There are a total of 65 locks to negotiate, which we managed with just the two of us on board although it was challenging at times. Having one more person on board would have made it much more manageable but we had a great time and the scenery was lovely! There are many pretty little towns along the route of the Göta Canal with good facilities for yachts. Our favourite guest harbour was on Lake Vättern in the town of Vadstena where you moor your boat in the moat of a castle!

We did the canals in mid-September (just a couple of weeks before the Göta Canal closed for the season) taking seven days to reach Gothenburg. Winter comes early in Sweden! Most of the local boats were hauling out already. Winds increased and the weather turned chilly. However, the waterway is very protected so we felt it was a good trip to do in the autumn to extend the boating season in Sweden.

In Gothenburg, Roger and Kerstin Börjesson, who own a Southerly 110 called Blue Magic, saw our boat in the harbour and invited us to their home for dinner for a traditional Swedish meal and gave us lots of good tips on cruising the west coast of Sweden which we hope to do in the future. This spontaneous Southerly owners get-together was a nice way to finish our Baltic cruise and as the winds of late September started to blow cold we hopped aboard to sail south back to Germany, the Kiel Canal to the North Sea, and through the Dutch Canals out to the English Channel and back to Itchenor for the winter.

Award-winning filmmakers and sailing authors, Paul and Sheryl Shard, have been cruising internationally since 1989. They are the hosts of the sailing adventure TV series, “Distant Shores”, that airs weekdays across Canada at 6PM ET/3PM PT on Travel and Escape Channel and includes episodes on their Baltic cruise. Visit their website at www.distantshores.ca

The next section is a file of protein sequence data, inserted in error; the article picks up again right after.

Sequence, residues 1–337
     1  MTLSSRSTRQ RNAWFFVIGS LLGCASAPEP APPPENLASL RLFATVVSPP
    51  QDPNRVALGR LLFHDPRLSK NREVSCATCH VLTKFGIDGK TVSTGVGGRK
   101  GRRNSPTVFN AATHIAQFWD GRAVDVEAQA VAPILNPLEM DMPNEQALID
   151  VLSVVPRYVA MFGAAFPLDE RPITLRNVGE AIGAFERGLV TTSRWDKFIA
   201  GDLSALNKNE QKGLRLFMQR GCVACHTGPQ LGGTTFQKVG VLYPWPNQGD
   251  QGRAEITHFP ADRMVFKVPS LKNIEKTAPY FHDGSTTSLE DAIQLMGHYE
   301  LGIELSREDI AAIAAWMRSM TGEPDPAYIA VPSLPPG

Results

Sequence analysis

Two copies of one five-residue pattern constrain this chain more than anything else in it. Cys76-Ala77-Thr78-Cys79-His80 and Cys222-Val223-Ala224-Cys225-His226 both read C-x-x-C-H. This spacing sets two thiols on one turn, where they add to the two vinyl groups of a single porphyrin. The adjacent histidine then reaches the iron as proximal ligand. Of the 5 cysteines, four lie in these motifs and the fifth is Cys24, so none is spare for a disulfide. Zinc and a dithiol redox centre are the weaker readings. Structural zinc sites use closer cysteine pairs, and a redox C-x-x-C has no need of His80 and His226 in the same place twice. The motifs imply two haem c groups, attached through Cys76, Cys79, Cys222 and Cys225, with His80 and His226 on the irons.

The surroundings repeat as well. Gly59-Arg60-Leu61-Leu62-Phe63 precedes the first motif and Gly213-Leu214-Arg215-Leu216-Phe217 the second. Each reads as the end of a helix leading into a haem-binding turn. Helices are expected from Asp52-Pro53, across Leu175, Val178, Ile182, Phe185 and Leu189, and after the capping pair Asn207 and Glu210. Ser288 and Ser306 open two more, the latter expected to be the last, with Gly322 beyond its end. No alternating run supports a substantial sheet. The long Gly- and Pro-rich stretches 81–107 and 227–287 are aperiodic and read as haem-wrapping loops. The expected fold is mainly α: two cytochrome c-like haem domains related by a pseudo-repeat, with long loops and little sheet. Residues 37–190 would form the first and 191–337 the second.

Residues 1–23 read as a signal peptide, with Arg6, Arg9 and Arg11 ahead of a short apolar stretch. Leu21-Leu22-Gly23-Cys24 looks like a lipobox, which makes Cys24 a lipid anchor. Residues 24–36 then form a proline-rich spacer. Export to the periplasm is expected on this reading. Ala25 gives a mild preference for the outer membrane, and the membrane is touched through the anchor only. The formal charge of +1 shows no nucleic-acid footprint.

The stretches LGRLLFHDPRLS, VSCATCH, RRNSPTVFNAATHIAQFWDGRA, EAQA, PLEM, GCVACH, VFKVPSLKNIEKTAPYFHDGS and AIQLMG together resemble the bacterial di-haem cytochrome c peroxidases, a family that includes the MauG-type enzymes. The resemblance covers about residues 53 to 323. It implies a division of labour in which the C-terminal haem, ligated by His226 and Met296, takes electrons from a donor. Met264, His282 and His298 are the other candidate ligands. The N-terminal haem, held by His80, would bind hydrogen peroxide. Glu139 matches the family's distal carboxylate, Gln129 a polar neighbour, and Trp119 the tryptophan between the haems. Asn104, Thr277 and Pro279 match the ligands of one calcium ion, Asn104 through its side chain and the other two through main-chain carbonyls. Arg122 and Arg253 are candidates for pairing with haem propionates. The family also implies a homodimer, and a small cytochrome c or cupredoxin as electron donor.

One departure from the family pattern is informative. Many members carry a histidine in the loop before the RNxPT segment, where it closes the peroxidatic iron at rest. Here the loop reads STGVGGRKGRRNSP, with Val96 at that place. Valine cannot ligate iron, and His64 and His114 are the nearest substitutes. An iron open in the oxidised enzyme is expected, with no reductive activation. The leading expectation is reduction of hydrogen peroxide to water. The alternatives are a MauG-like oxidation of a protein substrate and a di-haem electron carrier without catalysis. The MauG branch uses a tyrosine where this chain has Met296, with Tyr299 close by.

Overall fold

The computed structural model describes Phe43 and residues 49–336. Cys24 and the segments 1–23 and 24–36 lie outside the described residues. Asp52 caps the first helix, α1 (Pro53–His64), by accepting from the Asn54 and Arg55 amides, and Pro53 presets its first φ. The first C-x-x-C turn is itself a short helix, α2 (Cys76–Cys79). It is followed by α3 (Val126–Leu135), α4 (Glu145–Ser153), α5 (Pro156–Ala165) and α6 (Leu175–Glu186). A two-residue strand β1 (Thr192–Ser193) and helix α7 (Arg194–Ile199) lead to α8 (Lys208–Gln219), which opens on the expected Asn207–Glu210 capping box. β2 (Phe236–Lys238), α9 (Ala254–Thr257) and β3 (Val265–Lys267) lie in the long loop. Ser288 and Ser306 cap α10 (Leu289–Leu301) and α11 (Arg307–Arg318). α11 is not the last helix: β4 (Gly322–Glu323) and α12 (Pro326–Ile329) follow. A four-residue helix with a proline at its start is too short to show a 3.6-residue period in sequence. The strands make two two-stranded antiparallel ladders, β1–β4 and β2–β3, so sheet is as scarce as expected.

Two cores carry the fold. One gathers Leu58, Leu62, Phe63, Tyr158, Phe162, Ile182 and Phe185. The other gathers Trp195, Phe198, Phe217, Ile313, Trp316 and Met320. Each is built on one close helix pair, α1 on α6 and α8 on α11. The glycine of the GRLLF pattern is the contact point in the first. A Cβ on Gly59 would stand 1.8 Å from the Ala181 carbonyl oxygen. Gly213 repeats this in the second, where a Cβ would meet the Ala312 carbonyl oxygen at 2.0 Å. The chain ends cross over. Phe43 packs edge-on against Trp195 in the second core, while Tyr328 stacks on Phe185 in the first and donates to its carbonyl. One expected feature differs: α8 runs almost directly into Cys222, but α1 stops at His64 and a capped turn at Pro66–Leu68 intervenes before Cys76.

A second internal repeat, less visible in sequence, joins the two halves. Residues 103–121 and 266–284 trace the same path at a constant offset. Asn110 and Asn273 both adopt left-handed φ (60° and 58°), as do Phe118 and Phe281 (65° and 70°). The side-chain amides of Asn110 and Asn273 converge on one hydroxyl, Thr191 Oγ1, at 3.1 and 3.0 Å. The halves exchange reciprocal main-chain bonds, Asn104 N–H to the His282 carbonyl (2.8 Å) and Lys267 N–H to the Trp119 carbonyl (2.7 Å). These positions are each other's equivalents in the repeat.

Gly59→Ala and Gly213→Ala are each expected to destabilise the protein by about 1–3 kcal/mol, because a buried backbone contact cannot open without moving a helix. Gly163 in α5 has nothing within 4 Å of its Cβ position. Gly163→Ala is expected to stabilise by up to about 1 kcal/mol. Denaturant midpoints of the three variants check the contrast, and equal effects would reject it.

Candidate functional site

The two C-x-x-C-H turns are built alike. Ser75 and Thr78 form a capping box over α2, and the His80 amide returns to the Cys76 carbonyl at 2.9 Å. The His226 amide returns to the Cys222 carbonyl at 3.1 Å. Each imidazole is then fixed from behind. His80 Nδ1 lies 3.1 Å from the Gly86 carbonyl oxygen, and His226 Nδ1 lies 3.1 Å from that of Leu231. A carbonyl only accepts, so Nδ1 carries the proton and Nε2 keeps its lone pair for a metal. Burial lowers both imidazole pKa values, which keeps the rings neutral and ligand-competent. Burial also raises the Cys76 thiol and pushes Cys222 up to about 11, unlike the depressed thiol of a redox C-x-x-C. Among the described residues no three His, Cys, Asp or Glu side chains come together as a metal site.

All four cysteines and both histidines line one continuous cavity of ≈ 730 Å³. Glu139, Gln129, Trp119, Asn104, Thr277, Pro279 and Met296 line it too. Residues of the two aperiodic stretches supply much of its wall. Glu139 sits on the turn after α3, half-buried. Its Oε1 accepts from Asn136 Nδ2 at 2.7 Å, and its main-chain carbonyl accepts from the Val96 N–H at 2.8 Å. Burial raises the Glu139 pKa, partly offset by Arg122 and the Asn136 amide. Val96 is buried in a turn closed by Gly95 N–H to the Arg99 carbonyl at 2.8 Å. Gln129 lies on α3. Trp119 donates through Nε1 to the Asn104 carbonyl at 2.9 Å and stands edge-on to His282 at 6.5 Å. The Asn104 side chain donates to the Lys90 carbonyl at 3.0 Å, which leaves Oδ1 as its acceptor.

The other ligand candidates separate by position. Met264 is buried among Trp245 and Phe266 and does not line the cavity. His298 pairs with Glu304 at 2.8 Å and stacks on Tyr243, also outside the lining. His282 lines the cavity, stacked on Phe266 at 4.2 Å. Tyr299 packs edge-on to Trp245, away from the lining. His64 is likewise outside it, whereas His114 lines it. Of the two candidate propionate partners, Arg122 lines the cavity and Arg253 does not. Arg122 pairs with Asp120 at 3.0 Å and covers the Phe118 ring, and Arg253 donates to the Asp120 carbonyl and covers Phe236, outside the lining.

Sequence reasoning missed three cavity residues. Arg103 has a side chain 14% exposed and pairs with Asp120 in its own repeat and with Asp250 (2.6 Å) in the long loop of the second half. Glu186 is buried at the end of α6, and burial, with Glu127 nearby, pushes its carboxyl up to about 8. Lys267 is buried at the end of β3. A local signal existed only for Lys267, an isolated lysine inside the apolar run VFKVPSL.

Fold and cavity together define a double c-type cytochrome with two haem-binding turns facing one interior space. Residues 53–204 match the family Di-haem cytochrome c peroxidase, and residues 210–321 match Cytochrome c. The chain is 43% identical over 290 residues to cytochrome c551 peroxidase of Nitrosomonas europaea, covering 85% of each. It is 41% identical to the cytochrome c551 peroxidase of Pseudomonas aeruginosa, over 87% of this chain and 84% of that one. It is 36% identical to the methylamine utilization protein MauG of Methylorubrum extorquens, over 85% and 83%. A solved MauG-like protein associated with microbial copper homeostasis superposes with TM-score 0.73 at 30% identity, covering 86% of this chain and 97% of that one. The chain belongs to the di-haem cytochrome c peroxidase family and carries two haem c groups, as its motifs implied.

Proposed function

Navigation Equipment - AIS

One of the new pieces of navigational equipment we installed on Distant Shores II that made watch-keeping a pleasure was an AIS (Automated Information System) transmitter. On our first Southerly, a 42 called Distant Shores, we enjoyed having on AIS receiver which provided lots of information overlaid on our Raymarine chartplotter about the name, size, speed, position and closest point of approach of the ships surrounding us. On Distant Shores II we added the AIS transmitter so that ships and other vessels with receivers can see this information about our boat as well. This proved invaluable in many instances, especially in the heavy ship traffic encountered during the crossing of the English Channel since we could literally see ships changing course around us long before we had to call them about collision avoidance maneouvers. Later in the Göta & Trollhätte Canals in Sweden and on our return trip through the canals of Holland, the lock-keepers would often have the locks ready and open for us before we called

them with our ETA since they saw us approaching on AIS. (Note: There is a privacy feature so you can shut off the transmission if you don't want your information to be seen, for example, in remote areas where piracy could be a threat.)

By Sheryl and Paul Shard